Still, there is a lot of the original drama here (he says, as someone who has neither read it nor seen a TV version).  If children these days are interested in the sex lives of society wives from way before they were born (and I doubt I would have been when I was the age this book aims at, but that's just me) they will like the ins and outs of everything, and the way everyone's happiness swings in and out of the sunshine like those married people on those ancient weather indicators.  To the right reader, it goes without saying, this will capture such a spark in their imagination they will come to love books like this, and find their older selves loving the original – full-time job as it might be.  This served its purpose in being a student's refresher course in the novel, and a guide for the very young to the saga concerned, and while not to everyone's tastes probably did as good a job of it in so few pages as could be expected.
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Anna Karenina (Easy Classics) as adapted by Gemma Barder initially caught my attention as I have never read the Leo Tolstoy classic, but was curious to see how it was condensed and adapted as a book for a younger audience.  As an adult, I was interested to read this reshaping of the Russian classic, but I can say with conviction that this is a tale that does not lend itself to being suitable for young readers, and I cannot imagine that I would ever want to share, nor expand upon, the theme of adultery with children of any age.  While I applaud the idea of bringing the classics to young readers, I did not find this particular title to be altogether appropriate for adaptation.

Many thanks to NetGalley and Sweet Cherry Publishing for an ARC.
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First sentence: St Petersburg in 1874 was full of the most fashionable and important people in all of Russia. One of the most respected families were the Kareninas. Alexis Karenina was a government official. His wife, Anna, ran their large home. She made sure that everything was perfect when they entertained Alexis’s important guests. They had a little son called Serezha, whom Anna adored. Anna’s life was happy, but she had married when she was young. She sometimes felt that marrying someone much older than herself had made her old before her time.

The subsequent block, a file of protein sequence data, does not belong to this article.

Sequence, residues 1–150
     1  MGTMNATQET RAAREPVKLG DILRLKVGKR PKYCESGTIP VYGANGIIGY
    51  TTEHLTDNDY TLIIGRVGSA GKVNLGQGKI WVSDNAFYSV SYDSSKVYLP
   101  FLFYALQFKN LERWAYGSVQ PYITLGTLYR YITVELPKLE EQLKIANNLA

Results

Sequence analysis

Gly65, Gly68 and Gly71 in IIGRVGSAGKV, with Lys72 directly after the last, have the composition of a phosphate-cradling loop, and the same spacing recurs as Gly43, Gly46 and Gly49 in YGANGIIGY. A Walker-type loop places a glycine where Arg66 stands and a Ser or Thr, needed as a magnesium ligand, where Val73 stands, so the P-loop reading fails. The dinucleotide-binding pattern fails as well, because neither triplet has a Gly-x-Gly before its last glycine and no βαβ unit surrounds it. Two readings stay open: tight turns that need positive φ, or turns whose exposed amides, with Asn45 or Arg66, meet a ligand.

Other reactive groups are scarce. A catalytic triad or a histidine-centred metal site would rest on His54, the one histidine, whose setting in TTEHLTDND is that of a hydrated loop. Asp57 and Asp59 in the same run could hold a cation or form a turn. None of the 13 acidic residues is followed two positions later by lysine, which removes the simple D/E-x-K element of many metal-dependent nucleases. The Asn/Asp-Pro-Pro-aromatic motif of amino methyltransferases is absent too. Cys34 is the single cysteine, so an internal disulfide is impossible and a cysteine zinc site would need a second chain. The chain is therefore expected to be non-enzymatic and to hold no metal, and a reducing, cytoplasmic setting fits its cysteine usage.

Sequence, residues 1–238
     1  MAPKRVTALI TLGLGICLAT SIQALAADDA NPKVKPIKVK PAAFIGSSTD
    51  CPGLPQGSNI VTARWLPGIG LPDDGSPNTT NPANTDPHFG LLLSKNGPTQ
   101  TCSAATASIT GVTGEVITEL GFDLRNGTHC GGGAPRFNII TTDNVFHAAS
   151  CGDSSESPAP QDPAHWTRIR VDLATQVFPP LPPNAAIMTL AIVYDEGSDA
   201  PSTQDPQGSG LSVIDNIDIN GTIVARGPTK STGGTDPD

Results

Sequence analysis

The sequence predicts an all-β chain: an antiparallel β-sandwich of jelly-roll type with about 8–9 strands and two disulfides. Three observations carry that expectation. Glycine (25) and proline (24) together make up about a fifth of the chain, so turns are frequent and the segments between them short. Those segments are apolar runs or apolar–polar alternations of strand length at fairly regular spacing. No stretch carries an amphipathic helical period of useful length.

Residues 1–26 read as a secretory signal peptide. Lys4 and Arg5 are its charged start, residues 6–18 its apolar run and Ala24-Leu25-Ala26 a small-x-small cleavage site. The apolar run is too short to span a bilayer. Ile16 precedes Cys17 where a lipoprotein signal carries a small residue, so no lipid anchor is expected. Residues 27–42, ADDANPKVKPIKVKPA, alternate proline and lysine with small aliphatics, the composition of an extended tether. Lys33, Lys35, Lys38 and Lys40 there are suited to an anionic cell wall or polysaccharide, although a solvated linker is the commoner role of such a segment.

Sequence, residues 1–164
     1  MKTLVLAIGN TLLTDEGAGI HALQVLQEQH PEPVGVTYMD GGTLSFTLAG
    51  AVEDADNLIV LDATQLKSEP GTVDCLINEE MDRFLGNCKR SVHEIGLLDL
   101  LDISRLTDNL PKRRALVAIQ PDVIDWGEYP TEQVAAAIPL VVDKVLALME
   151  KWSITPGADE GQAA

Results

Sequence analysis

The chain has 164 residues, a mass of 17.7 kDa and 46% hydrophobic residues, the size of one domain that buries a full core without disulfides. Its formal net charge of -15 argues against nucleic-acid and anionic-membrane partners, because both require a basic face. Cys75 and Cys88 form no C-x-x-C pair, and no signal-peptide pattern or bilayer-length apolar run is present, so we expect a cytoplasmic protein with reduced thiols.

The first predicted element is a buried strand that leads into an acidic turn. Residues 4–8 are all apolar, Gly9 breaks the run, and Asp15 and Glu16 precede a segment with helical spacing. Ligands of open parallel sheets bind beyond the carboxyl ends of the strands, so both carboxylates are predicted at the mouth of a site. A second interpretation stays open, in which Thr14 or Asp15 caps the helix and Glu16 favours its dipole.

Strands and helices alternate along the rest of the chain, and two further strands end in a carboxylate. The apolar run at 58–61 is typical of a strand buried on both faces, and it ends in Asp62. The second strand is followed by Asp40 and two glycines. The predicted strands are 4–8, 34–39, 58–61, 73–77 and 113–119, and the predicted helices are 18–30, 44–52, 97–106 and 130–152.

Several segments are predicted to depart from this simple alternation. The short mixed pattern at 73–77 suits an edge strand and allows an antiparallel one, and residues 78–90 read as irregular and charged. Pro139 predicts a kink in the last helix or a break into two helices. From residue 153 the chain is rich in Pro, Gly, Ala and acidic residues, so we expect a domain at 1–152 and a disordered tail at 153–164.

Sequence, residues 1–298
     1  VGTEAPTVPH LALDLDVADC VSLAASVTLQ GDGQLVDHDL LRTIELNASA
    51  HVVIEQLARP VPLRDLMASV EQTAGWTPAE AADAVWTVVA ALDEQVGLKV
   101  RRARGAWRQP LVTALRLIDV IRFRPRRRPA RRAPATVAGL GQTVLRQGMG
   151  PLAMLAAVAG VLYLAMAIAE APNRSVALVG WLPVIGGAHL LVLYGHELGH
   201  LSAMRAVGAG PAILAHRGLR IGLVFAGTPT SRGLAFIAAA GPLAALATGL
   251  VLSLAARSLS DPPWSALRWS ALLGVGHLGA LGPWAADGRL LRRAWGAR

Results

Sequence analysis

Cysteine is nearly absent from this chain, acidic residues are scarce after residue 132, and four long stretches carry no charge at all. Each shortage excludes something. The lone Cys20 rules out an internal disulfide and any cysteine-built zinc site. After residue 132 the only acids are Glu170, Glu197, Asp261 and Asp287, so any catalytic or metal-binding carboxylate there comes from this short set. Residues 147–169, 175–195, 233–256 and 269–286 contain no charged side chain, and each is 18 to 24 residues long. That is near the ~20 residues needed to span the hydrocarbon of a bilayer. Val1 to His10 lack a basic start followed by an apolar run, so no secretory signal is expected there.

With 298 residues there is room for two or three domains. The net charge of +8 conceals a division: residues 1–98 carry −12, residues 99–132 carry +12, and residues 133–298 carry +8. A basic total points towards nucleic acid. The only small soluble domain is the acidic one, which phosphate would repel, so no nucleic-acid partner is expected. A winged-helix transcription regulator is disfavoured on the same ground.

Premise/plot: Gemma Barder has adapted (but why????) Leo Tolstoy's novel Anna Karenina into an early chapter book geared towards the seven to nine crowd (but why????). The original novel has one of the greatest opening lines ever, "All happy families are alike; each unhappy family is unhappy in its own way." Tolstoy then goes on to show MANY unhappy families (and one happy one).

For those that haven't read the original OR watched one of the adaptations, I'll sum it up concisely. Anna Karenina (a married woman) visits her brother and sister-in-law when the two are at a breaking point in the marriage. (He got caught cheating). She convinces her sister-in-law, Dolly, to give her brother, Stephen, another chance--essentially as many chances as he needs. Family is everything; sacrifices must be made to keep the family whole. While visiting she has a few chance encounters with Count Vronsky (a military man). It's lust at first sight. Though she has a husband and a child, her life is utterly incomplete without HIM. And apparently vice versa? (But is this true? If Anna had said NO, GO AWAY a couple dozen times, would he have started following/stalking the next pretty girl he sees?) We'll never know because Anna didn't say no. The two begin an affair that is not so subtle. When it goes from being a little hidden to right out in the open, her marriage reaches its own breaking point. (It doesn't help that she's pregnant with Vronsky's baby). Hard choices must be made, but she follows her heart...or so she thinks. Abandoning her child in favor of her lover, she risks it all to have a half-life in the shadows. When life proves less than satisfying--why didn't he live up to all of her dreams???? why is life so hard?????)--she decides life isn't worth living at all. Goodbye cruel world of my own making. THUD.